The Ketogenic diet has long been used as a form of treatment for Epilepsy.
The cravings were overwhelming – it was like there was a little sugar demon sitting on my shoulder, constantly whispering, “Eat me. Eat me.”

Rather recently, I forced myself to quit eating pastries to try improving the health of my brain.

I have Cerebral Palsy and like most who suffer from the disorder, I have the joint pain of a grandparent and the balance of a severely drunk man. On top of those issues, my particular brand causes a variety of seizures. For much of my adult life, I’ve dealt with both Focal and chronic Tonic-Clonic seizures. Fun to say, awful to deal with.

If severe enough, a single seizure could completely exhaust me and wipe out my short-term memory. It terrified my girlfriend. Imagine sitting by your flailing, grunting, suffering partner and being able to do nothing beyond making sure that they don’t smash their head against the floor.

At my worst, I was constantly fatigued, irritated and uncommunicative. It was as though there was a constant storm cloud looming over my mind.

A change was needed.

Throughout college, my disgustingly fitness-conscious friend would preach to me about the benefits of Keto. My usual response was to ignore him and promptly stuff cake into my face. However, I eventually learned that the Ketogenic diet has long been used as a form of treatment for Epilepsy.

For the uninitiated, Keto is a low-carb, high-fat diet. The idea is to force yourself into the “ketogenic” state wherein your body gets most of its energy from fat instead of carbohydrates. This, in essence, means giving up brownies and bread in favor of avocados and bacon.

Bacon and avocados as far as the eye can see and the mouth can taste.

The general math boils down to roughly 70% fat, 25% protein and 5% carbs. 5%. For most people, this means consuming less than 25 grams of net carbs per day. I would wager that most people don’t go a single meal without consuming 25 grams of carbs.

Despite the apparent difficulty of the diet, I had nothing left to lose. Any alternative was better than the reality that I had been caged and trapped into for so many years.

On the First Day of my Ketogenic Diet...

On the first day of my new diet, I eyed my tortillas, ice cream, rice and beans wistfully as they were tossed into the garbage. Part of me felt like I had made a tactical error – I began my new, incredibly low-carb diet just as I moved to an area where I was (and still am) surrounded by amazing dessert shops and Mexican food. Did I mention that I can’t drink beer either and that San Diego is considered a “beer city”?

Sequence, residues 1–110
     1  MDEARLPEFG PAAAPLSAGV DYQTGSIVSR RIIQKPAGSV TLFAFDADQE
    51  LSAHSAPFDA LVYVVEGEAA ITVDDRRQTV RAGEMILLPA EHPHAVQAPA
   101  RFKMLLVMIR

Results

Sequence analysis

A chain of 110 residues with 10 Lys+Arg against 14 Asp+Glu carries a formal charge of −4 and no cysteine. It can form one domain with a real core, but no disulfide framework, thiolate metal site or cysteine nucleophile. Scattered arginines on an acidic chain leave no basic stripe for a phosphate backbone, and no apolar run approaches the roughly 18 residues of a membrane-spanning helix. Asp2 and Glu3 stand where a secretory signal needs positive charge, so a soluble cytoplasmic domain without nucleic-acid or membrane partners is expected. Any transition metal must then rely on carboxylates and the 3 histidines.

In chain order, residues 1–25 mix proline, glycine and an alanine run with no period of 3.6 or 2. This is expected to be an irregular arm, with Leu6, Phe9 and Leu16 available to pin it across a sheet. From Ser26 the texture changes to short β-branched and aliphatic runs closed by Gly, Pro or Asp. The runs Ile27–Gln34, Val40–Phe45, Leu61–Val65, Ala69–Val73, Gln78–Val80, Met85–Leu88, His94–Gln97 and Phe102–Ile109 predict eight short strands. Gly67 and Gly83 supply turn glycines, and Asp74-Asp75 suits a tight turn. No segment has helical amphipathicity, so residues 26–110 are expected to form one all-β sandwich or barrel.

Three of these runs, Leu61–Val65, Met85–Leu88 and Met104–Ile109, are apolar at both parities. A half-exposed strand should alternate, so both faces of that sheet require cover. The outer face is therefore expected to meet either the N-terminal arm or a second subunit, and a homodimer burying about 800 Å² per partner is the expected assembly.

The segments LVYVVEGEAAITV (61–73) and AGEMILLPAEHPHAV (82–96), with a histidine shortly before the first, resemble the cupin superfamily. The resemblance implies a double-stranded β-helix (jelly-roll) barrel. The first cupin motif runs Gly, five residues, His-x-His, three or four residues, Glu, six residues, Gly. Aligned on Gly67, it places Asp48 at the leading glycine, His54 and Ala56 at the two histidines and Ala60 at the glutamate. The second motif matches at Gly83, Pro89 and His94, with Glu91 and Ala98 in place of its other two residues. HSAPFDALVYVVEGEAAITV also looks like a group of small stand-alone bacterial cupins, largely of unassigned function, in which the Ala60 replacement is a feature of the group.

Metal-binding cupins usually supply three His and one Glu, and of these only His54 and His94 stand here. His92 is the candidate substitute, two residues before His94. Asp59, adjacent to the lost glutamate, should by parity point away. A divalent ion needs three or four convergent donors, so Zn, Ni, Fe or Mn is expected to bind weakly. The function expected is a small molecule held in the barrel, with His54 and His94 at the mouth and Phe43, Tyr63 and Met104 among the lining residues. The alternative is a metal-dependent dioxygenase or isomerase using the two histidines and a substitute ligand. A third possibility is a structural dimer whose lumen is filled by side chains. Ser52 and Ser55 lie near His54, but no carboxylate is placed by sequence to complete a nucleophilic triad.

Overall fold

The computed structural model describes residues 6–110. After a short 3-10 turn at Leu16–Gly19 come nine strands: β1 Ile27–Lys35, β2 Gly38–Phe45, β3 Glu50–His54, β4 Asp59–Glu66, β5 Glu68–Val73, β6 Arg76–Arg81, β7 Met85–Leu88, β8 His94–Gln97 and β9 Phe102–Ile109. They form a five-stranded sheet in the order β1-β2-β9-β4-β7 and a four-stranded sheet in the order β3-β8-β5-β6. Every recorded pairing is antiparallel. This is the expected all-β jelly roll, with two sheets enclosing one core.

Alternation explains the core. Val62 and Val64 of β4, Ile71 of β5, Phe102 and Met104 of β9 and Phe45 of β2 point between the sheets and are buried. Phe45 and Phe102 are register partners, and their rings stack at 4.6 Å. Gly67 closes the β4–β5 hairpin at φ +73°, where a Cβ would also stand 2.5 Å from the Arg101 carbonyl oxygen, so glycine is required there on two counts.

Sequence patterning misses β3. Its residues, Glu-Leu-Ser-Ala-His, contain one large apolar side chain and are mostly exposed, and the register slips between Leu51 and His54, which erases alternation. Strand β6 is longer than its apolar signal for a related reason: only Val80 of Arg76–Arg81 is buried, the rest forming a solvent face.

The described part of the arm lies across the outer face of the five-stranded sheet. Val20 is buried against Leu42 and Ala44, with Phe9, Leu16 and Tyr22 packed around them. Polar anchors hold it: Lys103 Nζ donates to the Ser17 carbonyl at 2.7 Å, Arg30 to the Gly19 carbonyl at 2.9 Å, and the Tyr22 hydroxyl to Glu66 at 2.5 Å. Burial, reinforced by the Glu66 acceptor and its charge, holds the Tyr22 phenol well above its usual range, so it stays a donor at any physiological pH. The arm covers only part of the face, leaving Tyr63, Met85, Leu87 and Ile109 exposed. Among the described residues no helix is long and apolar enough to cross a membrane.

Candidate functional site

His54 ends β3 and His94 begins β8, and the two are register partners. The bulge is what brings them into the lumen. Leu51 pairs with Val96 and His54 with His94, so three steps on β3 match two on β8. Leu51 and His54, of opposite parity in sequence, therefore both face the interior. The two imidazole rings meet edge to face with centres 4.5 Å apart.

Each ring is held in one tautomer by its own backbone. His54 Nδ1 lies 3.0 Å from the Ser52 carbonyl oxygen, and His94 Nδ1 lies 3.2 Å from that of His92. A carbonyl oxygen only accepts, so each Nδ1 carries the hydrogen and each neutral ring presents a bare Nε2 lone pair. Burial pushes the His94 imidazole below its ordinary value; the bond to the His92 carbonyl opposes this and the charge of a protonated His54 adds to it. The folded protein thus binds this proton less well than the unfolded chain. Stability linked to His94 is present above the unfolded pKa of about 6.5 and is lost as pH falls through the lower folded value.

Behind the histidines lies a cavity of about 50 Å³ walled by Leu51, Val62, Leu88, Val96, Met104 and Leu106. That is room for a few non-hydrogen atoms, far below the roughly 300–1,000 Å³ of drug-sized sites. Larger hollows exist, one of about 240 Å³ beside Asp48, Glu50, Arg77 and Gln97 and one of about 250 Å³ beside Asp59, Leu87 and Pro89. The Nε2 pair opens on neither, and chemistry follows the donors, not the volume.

The cravings were overwhelming – it was like there was a little sugar demon sitting on my shoulder, constantly whispering, “Eat me. Eat me.”

I persevered against my sugary coated “id” and as the weeks went on, I noticed a dramatic shift in my health. The mornings no longer greeted me with waves of grogginess. It became possible for me to simply wake up without it being an event. I was losing my beer gut, too.

By the end of my first Keto month, I realized that both my mental focus and energy levels had greatly improved. I could go about my day without getting fatigued, and there were far less blank spots in my memory. This is largely because fat is a better source of energy for your body than carbs. The Ketogenic diet also tends to reduce your insulin levels, decreasing the likelihood of you morphing into a sugar-zombie.

Keto isn’t perfect, though.

Although greatly reducing my issues, the diet has not completely alleviated them. I’ve suffered a couple seizures within the last months. They were minor and I bounced back far faster than before, but they were still a problem. Nothing is a cure-all in this world.

Additionally, Keto tends to get incredibly boring and incredibly frustrating. Occasionally, it would be nice to be able to go to a restaurant without completely deconstructing the menu. When you’re out with friends and family, get ready to explain exactly why you can’t eat anything that they’re able to. They might wince when you mention just how much fat you consume on a daily basis.

And unless you’re an incredibly creative cook (I’m not), you’re generally going to be eating the same ten things over and over and over and over.

Being healthy isn’t fun.

I’m not going to argue that everybody should be on Keto. If you’re already healthy and loving life, keep eating those burritos to your heart’s content. Enjoy them.

On the other hand, if you’re suffering through mental focus issues (or, like me, worse), and you can handle giving up everything that’s fun to eat ever, consider Keto. The positive effects, at least in my experience, are profound and vastly outweigh the negative elements. Being able to live without feeling imprisoned by my body is incredible. A blessing that many take for granted.

If you do attempt the diet, though, consider moving to an area where you aren’t surrounded by pastry shops, Mexican food and breweries

Resources: (Ketogenic Diet in Neuromuscular and Neurodegenerative Diseases) (The Therapeutic Uses of Ketogenic Diets) (The Effects of Keto on Exercise Metabolisms and Physical Performance)


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